HSE defends delaying telling patients after ‘an adverse event’

Officials warn disclosures ‘could be more harmful than beneficial’ amid smear test inquiry

Vicky Phelan who settled a High Court action after her cancer was missed in a smear test three years before she was diagnosed. Photograph: Collins Courts

Vicky Phelan who settled a High Court action after her cancer was missed in a smear test three years before she was diagnosed. Photograph: Collins Courts

 

The Health Service Executive has continued to defend a policy of delaying the disclosure of information to patients claiming that consideration must be given as to whether it “could be more harmful than beneficial”.

In documents sent to the Oireachtas Public Accounts Committee ahead of an appearance by health officials on Thursday, the HSE said hospitals and doctors should disclose information to patients “following an adverse event”.

However, a HSE briefing note for the committee says the “appropriate timing of disclosure” may not always be clear and can depend on factors including the “degree of harm the service user has experienced” and the “availability of the service user”.

“Deferral, either temporary or permanent, may be a consideration in the following circumstances: The service user has died and has no known relatives, the service user has left the country and cannot be contacted, the service user refuses open disclosure – may not be ready,” the note says.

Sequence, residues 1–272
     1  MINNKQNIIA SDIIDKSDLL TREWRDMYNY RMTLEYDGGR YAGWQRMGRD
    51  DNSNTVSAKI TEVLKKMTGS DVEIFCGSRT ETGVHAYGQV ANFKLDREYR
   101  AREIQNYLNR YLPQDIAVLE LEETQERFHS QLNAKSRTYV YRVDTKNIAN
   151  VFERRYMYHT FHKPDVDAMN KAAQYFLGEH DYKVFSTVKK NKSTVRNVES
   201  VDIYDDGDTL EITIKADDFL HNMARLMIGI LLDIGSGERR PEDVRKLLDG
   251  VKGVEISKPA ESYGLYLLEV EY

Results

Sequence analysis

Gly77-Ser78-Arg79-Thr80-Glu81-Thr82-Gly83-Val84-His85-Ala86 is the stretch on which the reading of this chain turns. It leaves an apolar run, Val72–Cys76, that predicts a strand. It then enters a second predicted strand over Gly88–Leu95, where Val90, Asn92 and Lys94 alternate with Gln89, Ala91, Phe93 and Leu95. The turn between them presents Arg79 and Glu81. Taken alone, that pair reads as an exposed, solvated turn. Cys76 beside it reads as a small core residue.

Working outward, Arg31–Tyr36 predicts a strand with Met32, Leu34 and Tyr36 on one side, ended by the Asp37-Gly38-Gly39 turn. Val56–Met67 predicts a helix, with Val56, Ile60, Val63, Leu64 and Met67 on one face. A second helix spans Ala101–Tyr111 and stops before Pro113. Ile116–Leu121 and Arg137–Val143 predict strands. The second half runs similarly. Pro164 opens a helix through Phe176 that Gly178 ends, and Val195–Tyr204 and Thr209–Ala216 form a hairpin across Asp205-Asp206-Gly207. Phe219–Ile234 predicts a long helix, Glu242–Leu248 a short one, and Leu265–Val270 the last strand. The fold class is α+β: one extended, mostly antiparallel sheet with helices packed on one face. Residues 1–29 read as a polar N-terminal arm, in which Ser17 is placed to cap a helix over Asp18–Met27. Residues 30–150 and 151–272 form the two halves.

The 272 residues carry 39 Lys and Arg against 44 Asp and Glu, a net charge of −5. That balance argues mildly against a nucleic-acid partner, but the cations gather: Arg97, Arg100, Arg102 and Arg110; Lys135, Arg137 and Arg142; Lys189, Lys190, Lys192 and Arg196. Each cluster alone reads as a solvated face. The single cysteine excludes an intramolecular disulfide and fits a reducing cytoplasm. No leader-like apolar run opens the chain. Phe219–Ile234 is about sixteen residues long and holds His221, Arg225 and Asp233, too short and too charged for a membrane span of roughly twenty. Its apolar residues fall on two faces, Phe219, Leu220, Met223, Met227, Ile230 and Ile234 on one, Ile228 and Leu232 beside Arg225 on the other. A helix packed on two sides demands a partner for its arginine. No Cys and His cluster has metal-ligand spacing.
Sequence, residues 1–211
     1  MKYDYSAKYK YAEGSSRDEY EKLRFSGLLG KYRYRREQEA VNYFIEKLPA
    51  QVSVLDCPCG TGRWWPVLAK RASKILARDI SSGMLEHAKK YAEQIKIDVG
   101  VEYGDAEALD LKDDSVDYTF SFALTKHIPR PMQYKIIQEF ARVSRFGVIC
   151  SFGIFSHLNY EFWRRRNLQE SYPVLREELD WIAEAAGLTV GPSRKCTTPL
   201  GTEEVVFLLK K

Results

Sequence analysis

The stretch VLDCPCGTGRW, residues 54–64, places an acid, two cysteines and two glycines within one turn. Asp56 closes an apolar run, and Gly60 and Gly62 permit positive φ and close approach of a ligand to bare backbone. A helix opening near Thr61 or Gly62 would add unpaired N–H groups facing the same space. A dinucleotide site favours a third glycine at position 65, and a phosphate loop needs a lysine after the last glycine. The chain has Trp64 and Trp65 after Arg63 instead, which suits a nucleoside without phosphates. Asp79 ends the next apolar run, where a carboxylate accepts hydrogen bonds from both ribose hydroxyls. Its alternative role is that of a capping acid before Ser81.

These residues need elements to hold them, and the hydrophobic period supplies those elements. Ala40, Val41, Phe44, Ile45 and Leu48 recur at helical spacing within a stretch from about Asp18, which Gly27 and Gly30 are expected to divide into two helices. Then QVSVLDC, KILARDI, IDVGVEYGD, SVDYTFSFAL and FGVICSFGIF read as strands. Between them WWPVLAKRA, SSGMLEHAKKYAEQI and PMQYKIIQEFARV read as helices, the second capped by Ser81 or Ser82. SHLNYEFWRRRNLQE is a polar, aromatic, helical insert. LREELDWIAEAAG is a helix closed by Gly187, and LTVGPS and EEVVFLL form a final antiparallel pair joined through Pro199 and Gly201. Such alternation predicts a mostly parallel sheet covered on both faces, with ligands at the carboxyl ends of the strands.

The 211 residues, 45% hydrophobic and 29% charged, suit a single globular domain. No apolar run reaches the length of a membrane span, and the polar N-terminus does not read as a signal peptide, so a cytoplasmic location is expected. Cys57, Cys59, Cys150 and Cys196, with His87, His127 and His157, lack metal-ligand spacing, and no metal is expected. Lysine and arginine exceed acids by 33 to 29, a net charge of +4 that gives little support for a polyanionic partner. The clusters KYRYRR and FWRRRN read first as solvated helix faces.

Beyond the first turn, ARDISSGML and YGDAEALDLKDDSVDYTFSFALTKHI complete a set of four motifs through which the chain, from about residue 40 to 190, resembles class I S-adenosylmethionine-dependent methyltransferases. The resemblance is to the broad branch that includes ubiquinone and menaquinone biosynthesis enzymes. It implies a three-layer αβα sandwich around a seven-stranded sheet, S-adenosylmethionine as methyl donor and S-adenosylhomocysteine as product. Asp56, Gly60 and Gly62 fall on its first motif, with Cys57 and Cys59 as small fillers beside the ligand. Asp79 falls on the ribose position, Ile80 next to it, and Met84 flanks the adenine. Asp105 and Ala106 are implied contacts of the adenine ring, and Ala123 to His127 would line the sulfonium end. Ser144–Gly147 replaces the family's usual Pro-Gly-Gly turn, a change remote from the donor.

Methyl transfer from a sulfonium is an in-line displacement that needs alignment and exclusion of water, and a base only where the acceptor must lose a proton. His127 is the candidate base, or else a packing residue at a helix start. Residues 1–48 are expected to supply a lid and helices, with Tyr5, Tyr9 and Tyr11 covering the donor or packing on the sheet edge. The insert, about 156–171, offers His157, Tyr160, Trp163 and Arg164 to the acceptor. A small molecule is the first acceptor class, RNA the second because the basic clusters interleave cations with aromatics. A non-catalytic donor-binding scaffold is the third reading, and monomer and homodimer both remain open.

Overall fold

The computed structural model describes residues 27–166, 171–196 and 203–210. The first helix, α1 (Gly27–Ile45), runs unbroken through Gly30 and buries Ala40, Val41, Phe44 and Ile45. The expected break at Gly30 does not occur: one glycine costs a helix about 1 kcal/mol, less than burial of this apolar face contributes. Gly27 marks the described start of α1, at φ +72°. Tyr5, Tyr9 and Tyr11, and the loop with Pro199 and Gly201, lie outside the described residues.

The documents were sent hours after Taoiseach Leo Varadkar and Minister for Health Simon Harris rounded on the HSE for the late and inadequate disclosure of information to the scoping inquiry into the CervicalCheck scandal.

The controversy came to light after terminally-ill Limerick woman Vicky Phelan settled a High Court action in April after her cancer was missed in a smear test three years before she was diagnosed. The missed smear test was only discovered in 2014 after her diagnosis but she was not told until 2017.

A follow-up HSE investigation found that 209 women who were diagnosed with cervical cancer were not told about subsequent audits showing past smear tests could have provided a different outcome.

‘Pathetic’

Dr Gabriel Scally, who is heading the scoping inquiry, this week declared as “unacceptable” the HSE’s last-minute handover of thousands of unsearchable documents before the publication of his first progress report. Mr Harris called the HSE’s actions “pathetic”.

The Minister contacted the HSE’s acting director general John Connaghan on Wednesday night to outline the Government’s expectation that the HSE hand over all documentation and provide it in a searchable format.

“I also spoke to Dr Scally and have reminded him that he is fully empowered by the Government and if he meets any obstacles, he needs to bring it to my attention,” he told The Irish Times.

More than 4,000 documents were sent to the investigation team between June 6th and 8th, a month after the inquiry was launched and all organisations pledged full support for Dr Scally’s work.

The issue will continue to dominate the political agenda on Thursday as the Public Accounts Committee will hear from the HSE and the State Claims Agency about inaccurate information given to the committee members. It is also set to discuss the status of the legal cases taken by women with cervical cancer.